A school where Apple is the teacher
Microsoft this week revealed the extent to which it is taking lessons from its rival, writes
ON MONDAY in Los Angeles, hell froze over.
At least that’s how one analyst described Microsoft’s announcement that it would be producing its own tablet. Other descriptions varied from “totally antithetical to their core business”, and “taking their destiny into their own hands”.
It’s safe to say Microsoft’s unveiling of the Surface tablet caused a bit of a stir.
A few years ago it would have been inconceivable that Microsoft would be playing catch-up to Apple in the technology market. And in some respects, it is still ahead of its Mac rival; there are far more Windows machines in use in the world, for example.
But Apple has slowly managed to claw its way to the top. Last year it became the most valuable company by market cap, and its shares are currently above the $580 mark.
Since it skirted bankruptcy in the late 1990s, Apple has fashioned itself into a premium brand that spawned a lucrative ecosystem, and a successful retail operation to boot.
In recent years it has turned into a fine art the knack of creating a buzz among techies and consumers alike. After tackling the mobile market with the iPhone, Apple even created a whole new category of devices – the tablet, where its iPad reigns supreme.
In comparison, Microsoft may have seemed slightly staid.
Although chief executive Steve Ballmer showed off a Windows tablet device in 2010, before the launch of the iPad, the devices failed to set the market alight. Its Windows Phone software has sparked a bit of interest – Microsoft announced Windows Phone 8 at an event yesterday – but although the operating system has made some gains, it isn’t as much of a threat to Apple and Android as Microsoft may have liked. So maybe it shouldn’t come as a surprise that Microsoft appears to be taking some inspiration from the Apple way of doing business.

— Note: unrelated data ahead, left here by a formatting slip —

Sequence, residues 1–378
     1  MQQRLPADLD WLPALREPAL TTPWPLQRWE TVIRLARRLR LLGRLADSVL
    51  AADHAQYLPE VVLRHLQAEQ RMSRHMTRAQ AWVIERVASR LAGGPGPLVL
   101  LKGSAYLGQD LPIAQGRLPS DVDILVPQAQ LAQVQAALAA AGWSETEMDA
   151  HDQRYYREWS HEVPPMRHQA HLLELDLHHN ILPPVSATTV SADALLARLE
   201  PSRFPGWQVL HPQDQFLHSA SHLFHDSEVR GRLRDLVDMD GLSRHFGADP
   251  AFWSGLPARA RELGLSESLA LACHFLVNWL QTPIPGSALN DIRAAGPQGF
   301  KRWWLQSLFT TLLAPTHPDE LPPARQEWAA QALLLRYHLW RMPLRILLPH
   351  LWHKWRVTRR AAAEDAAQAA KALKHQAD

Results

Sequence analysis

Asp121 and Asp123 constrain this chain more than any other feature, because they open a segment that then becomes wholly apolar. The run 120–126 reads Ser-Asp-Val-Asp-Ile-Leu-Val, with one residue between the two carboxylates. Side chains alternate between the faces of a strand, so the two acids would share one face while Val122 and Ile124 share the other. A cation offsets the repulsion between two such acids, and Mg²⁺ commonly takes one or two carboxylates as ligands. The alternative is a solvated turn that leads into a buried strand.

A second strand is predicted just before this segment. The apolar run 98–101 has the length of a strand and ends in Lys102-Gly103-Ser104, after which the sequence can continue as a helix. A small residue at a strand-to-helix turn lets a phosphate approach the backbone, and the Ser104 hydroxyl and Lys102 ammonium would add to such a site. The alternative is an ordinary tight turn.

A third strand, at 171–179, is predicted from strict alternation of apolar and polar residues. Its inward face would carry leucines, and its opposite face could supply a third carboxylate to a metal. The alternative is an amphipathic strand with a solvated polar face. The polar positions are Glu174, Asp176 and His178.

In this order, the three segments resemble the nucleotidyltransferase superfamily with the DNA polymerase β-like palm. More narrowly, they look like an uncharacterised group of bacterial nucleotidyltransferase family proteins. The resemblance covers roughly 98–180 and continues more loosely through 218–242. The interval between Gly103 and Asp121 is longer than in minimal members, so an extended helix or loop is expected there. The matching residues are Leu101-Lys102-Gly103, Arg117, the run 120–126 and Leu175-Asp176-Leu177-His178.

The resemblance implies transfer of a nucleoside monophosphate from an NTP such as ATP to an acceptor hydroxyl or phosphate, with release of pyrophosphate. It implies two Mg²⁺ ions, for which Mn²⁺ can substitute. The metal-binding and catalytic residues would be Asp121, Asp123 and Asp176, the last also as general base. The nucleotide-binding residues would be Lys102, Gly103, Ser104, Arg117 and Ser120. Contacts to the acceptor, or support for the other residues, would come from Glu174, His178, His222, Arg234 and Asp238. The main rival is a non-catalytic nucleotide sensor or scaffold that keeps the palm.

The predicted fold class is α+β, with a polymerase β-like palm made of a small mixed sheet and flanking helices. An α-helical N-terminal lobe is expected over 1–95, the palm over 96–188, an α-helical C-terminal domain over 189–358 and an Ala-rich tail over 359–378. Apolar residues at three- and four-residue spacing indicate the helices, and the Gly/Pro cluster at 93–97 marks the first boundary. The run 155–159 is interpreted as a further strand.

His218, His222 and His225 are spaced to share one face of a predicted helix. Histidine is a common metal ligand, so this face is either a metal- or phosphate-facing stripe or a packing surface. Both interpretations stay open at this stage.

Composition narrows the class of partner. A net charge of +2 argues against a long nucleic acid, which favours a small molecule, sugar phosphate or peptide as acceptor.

Last year the company announced it would open 75 new Microsoft stores over the next three years. So far there are 20 in operation, all in the US.
A casual observer might notice the similarities between the new Microsoft retail outlets and Apple’s. The design; the easily accessible experts instore; the hype. Microsoft store openings in the US last year were greeted by pictures of staff high-fiving customers as they entered, one with the Windows logo shaved into his head. The message was: “We’re exciting.”
And now this week’s announcement that Microsoft is entering the tablet market. The lead-up was cloaked in secrecy, a well-known method of Apple’s.
But it’s more than just a change in marketing. In other areas of Microsoft’s business – PCs, mobile – the tech giant has stayed firmly out of the hardware business, preferring instead to leave it to partners such as Samsung, HP and Dell to come up with the goods. The announcement of the Microsoft branded Surface is a major shift.
Jan Dawson, chief telecoms analyst at Ovum, said Microsoft’s partners should feel a bit slighted by a “huge vote of no-confidence”.
“On the hardware front, what does it say about the tablets Microsoft is seeing from its OEM [original equipment manufacturer] partners as it gets ready to launch Windows 8, that they felt they needed to launch their own tablet? Either they are not happy with the devices out there, or they are not satisfied with only taking a licence fee from selling Windows-based tablets.